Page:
Some lazy linking and a few things I’ve been thinking about recently:
1. Via Shapely Prose. Newsweek recently posted a gallery of photos showing fat people doing HEALTHY ACTIVITIES. This gallery was inspired by a ton of negative comments from fat-hating idiots when Newsweek writer Kate Dailey wrote a piece entitled “Fat and Healthy: Why It’s Possible”. According to the intro to the gallery, “a lot of angry readers demanded to see one fat person who could climb a mountain, or run a marathon, or show any signs of athleticism”. So she did exactly that. The pictures are awesome, and inspiring, and a great place to direct anyone who tries to play the “but fat people can’t/won’t/don’t exercise” card. And, there will be new photos added on some kind of time interval, so keep checking the gallery! Mostly I’m just pleasantly surprised to see such fat-positive press coverage from a mainstream news outlet.
2. GLEE. Has anyone else watched the new series “Glee”? I just watched the first two episodes on Hulu, and overall I guess I enjoyed it, except for one thing. Their portrayal of a disabled student. So, the show is about a high school vocal group (a glee club, hence the name), and in the group, there is one student who is in a wheel chair. In some ways it’s really nice to even see anyone non-able-bodied in a major role, but the way the other characters talk about him and treat him is incredibly condescending, ableist, and just generally obnoxious. In the first two episodes, he is referred to twice as “a cripple,” a term which most even moderately socially aware people gave up using quite a while ago. The characters who use the word “cripple” are both characters who we are supposed to dislike, and they are being rude when they say it, but the fact remains that the use of the word “cripple” in the script is supposed to elicit laughter from the audience (I think). Beyond that, he is frequently pushed around in his wheel chair by other people. He has a manual chair, can use his arms, and even wears biking gloves, so he “should” be perfectly capable of pushing his own chair. But instead, the fully able-bodied characters push him around without having even asked him if he would like their assistance. That’s pretty darn condescending and patronizing if you ask me, and also just perpetuates the idea that people in wheelchairs are incapable of doing anything or having any agency and that they are in constant need of someone to help them. Grrrr….. I hate seeing over and over again the stereotypes of the “kind able-bodied person” helping out the “poor, poor disabled person”. People in wheelchairs can do lots of things for themselves, especially, you know, pushing their damned wheelchair. Pushing someone in a wheelchair if they haven’t asked for help is sort of like grabbing an able-bodied person by the shoulders and steering them around – AKA, an unwelcome act of patronizing intimacy. We haven’t talked a whole lot about ableism on HappyBodies, and maybe it’s time for us to start.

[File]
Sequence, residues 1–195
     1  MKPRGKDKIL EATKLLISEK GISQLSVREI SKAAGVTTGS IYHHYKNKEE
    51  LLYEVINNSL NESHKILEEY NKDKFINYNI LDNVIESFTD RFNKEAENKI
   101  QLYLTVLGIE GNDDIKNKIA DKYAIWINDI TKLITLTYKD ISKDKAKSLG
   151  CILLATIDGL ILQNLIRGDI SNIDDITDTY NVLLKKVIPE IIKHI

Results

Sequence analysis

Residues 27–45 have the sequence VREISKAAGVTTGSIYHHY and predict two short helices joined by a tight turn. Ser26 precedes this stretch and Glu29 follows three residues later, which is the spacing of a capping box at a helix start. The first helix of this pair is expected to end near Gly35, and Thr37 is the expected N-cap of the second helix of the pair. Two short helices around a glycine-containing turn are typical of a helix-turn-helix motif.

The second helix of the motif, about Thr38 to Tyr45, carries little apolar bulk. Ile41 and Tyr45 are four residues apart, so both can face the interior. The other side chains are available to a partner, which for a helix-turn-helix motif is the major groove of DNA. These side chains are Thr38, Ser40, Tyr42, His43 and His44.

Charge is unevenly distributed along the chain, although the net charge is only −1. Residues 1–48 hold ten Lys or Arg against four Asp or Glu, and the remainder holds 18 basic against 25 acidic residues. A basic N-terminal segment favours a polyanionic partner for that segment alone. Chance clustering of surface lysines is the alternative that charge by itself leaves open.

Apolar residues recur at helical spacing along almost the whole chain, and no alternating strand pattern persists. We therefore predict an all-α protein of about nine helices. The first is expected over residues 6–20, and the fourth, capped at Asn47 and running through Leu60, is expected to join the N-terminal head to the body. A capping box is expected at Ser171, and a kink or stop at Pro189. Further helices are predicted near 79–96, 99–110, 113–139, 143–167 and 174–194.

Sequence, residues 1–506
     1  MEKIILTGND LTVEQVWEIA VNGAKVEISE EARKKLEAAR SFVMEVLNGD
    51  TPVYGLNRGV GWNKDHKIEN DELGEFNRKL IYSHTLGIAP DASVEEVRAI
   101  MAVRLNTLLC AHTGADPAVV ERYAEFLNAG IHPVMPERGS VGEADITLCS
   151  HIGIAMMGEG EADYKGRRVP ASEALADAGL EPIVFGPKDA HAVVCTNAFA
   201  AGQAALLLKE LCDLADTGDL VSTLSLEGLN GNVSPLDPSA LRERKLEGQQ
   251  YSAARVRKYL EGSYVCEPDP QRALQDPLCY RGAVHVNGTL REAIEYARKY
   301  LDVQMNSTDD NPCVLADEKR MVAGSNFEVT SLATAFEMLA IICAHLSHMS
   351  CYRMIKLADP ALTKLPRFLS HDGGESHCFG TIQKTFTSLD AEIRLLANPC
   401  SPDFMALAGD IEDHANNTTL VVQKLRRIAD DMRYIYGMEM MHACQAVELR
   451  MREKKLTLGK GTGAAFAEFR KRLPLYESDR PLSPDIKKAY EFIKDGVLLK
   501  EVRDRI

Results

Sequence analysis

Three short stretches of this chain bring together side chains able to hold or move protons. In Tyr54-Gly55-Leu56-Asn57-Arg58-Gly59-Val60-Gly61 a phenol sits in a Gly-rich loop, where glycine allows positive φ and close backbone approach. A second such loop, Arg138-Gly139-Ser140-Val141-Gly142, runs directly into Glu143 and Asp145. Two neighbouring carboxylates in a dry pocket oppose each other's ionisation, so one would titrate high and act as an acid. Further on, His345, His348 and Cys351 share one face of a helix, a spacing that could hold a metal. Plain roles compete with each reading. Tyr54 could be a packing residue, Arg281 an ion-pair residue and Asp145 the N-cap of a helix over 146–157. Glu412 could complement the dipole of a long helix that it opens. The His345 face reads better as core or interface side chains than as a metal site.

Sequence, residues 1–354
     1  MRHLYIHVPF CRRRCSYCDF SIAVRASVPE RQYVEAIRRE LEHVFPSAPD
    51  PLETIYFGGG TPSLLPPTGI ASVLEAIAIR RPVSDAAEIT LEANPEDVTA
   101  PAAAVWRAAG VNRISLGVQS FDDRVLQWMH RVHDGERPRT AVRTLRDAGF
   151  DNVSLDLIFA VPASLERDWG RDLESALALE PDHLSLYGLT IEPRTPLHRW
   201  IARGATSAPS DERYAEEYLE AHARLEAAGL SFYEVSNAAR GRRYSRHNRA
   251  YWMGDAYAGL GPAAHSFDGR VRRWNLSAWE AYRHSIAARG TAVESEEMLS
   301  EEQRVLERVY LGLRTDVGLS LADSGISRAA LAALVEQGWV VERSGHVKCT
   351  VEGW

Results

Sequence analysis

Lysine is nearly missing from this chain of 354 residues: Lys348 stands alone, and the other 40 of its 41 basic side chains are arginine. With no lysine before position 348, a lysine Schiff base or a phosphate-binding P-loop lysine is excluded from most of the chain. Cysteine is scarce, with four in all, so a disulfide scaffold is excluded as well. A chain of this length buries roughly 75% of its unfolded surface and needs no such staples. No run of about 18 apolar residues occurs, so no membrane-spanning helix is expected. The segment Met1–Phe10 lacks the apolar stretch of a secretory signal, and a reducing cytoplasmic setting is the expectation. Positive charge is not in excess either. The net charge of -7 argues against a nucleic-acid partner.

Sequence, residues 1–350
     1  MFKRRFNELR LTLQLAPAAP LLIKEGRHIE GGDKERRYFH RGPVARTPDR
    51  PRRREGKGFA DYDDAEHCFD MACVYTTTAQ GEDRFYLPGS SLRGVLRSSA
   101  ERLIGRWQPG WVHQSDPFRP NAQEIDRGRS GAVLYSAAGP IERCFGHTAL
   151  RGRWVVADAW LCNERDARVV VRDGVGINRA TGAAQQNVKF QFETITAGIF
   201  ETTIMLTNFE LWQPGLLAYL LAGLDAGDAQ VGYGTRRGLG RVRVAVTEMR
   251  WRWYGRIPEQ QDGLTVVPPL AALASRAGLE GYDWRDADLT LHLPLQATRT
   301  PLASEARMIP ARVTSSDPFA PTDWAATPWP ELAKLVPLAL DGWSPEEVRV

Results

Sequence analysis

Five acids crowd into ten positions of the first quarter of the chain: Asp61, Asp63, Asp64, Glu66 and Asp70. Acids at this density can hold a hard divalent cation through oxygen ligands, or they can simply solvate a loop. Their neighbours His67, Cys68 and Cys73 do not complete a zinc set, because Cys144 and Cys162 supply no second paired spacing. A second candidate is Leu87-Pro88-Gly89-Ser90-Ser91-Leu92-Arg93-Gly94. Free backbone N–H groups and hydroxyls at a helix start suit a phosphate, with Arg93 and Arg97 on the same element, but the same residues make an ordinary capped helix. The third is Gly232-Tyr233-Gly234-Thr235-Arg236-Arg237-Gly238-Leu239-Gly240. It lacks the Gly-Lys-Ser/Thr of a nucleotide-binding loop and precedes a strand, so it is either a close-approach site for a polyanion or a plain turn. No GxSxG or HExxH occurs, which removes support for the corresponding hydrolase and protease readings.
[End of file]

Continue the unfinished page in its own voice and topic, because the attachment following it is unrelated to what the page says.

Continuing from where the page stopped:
3. Via Sociological Images, a very interesting video series about marketing to children. Definitely worth watching (except for the fat shaming/thin=good bit at the beginning of part 7). The are a lot of connections to be made between how marketers target children, and how those children end up feeling about their bodies, their clothes, and what food they eat.